Higher Education Quick Takes

Quick Takes

August 16, 2017

Image of Aug. 13 protest shows a sign with the words "Black Lives Matter," as well as Confederate and Mississippi flags.The day after a woman was killed by a far-right protester who drove his car into a crowd of counterprotesters in Charlottesville, Va., the Confederacy’s role in public life drew protesters and counterprotesters at the University of Southern Mississippi.

The Unite the Right rally in Charlottesville and on the University of Virginia’s campus was organized to protest the planned removal of a Confederate statue, and its crowd included white supremacists and neo-Nazis. In Hattiesburg, Miss., a local group of protesters have been gathering in front of the college, rallying against the removal of the Mississippi flag at USM.

The state flag incorporates the Confederate flag in its design, and it was removed from USM’s campuses after the racially motivated 2015 church shooting in Charleston, S.C.

On Sunday, however, with the Charlottesville rally fresh in their minds, a counterprotest was staged by students and locals, Deep South Daily reported.

“The Hattiesburg community has been troubled yet silent for too long in response to the USM Delta Flaggers’ weekly showcase of white supremacy on our campus,” Anna Beth Rowe, an organizer with the South Mississippi Democratic Socialists of America, told the news outlet. Heather Heyer was marching near the DSA group in Charlottesville when she was killed, according to ABC, and the organization has promoted a GoFundMe page for her family that was set up following Heyer's death.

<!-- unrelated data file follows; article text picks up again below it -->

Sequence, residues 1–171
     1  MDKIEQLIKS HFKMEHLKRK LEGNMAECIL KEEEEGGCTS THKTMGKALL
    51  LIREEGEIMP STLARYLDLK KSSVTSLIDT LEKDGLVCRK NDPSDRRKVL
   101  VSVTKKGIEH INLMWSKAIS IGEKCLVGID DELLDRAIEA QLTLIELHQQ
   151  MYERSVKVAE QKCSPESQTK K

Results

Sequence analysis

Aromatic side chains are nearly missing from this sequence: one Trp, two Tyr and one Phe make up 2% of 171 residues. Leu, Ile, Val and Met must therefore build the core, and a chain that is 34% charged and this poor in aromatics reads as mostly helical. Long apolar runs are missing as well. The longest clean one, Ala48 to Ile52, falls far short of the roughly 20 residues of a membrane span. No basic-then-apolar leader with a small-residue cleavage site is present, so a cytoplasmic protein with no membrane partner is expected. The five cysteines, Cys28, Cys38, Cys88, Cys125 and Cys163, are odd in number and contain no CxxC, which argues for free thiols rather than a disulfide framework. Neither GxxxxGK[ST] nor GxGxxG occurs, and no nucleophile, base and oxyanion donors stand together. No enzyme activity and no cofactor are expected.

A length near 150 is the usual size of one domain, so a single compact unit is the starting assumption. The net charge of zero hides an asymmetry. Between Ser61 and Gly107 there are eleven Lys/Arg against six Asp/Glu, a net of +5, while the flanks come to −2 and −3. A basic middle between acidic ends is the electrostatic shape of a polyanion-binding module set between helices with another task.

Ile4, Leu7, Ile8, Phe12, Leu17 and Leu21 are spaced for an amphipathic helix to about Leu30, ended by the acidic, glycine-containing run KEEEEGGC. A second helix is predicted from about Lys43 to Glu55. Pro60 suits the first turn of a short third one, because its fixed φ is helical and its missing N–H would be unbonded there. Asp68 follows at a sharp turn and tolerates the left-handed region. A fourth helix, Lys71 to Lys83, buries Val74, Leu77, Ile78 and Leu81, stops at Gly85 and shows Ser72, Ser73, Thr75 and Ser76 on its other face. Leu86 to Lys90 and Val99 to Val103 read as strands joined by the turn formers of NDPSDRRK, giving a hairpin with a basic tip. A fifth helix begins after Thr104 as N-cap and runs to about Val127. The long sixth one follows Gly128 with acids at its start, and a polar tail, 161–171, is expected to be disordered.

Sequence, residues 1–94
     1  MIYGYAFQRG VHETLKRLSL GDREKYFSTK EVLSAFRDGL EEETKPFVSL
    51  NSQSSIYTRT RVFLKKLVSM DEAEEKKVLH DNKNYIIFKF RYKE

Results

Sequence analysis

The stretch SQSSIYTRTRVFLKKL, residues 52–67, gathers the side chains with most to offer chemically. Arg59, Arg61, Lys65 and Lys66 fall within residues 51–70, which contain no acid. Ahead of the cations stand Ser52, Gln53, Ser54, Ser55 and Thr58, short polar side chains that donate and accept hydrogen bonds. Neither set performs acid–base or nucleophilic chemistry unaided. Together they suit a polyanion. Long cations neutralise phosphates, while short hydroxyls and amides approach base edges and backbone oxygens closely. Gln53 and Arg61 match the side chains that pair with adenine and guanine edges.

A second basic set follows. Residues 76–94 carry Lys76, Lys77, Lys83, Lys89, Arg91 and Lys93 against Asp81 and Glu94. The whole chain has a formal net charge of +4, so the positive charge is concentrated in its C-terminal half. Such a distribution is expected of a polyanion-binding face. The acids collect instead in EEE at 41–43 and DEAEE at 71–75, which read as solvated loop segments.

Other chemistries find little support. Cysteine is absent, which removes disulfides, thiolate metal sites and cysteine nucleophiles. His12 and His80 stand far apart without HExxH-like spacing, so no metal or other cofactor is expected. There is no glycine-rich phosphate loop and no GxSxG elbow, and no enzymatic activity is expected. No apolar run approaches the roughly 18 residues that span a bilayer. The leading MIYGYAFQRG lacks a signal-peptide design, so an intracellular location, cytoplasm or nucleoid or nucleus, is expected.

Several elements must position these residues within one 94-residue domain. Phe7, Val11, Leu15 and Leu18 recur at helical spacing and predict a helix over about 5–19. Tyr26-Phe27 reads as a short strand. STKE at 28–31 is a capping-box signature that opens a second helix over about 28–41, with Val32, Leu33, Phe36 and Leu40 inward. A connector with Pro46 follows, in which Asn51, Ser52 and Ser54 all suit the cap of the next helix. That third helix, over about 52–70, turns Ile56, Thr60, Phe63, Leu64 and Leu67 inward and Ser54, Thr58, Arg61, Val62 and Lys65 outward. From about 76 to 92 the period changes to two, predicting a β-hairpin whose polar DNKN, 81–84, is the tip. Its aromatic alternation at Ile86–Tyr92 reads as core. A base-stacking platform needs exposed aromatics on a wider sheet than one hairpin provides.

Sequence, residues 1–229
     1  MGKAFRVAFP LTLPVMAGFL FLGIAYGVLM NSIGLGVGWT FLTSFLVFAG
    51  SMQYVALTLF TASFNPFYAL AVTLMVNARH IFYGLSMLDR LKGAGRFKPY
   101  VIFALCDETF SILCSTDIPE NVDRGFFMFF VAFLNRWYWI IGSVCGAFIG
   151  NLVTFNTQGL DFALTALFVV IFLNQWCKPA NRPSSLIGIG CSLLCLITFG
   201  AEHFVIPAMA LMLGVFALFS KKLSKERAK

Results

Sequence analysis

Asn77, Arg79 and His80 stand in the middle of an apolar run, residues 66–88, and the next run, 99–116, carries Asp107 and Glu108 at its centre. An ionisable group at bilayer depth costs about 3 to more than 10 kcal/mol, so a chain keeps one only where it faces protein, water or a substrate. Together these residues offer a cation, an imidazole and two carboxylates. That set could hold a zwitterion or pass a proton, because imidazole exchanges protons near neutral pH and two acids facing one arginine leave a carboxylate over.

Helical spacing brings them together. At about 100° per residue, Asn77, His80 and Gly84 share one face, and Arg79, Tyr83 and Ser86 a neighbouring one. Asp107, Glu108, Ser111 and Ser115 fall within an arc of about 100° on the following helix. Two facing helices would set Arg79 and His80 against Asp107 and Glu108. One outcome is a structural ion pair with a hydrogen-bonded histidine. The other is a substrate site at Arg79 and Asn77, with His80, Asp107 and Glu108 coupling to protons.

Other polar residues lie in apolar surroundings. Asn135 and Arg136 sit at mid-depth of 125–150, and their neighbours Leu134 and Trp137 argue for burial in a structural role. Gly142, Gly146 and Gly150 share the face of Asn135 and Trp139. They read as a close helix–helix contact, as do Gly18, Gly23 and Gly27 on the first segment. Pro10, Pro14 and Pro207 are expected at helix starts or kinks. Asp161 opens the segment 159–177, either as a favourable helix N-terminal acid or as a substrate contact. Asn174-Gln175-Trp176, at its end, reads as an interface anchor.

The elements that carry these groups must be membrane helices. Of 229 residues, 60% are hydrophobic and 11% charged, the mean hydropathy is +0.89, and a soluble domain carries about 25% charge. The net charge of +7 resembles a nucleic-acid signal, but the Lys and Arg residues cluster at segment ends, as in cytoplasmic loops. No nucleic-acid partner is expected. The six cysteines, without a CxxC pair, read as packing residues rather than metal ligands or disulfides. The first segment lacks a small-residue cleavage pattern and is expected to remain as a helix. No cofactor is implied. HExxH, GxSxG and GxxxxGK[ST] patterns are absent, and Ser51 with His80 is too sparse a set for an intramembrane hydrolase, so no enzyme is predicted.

The pro-flag protesters have reportedly been showing up to USM for 96 weeks, but Sunday proved to be a watershed moment for counterprotesters, although the Hattiesburg American reports that the protest draws people on both sides when it is held every Sunday.

“The act of domestic terrorism in Charlottesville yesterday and the loss of our sister’s life led Democratic Socialists of America to hold solidarity vigils across the country Saturday evening,” Rowe said. “We held ours at the Confederate monument downtown and were led to organize the counterprotest today after moments of silent meditation on white supremacy nationally as well as its specific embodiment in the current state flag.”

August 16, 2017

Today on the Academic Minute, Jessica Oster, assistant professor in the department of earth and environmental sciences at Vanderbilt University, looks underground for evidence of an abrupt change to the world’s weather. Learn more about the Academic Minute here.

August 15, 2017

Poster of classical statue with text "Our future belongs to us, Identity Evropa."Many of the posters turning up anonymously on campuses, put there by groups promoting "European" ideals in ways that are widely seen as racist, use images of ancient Greek or Roman sculptures (see poster at right for example).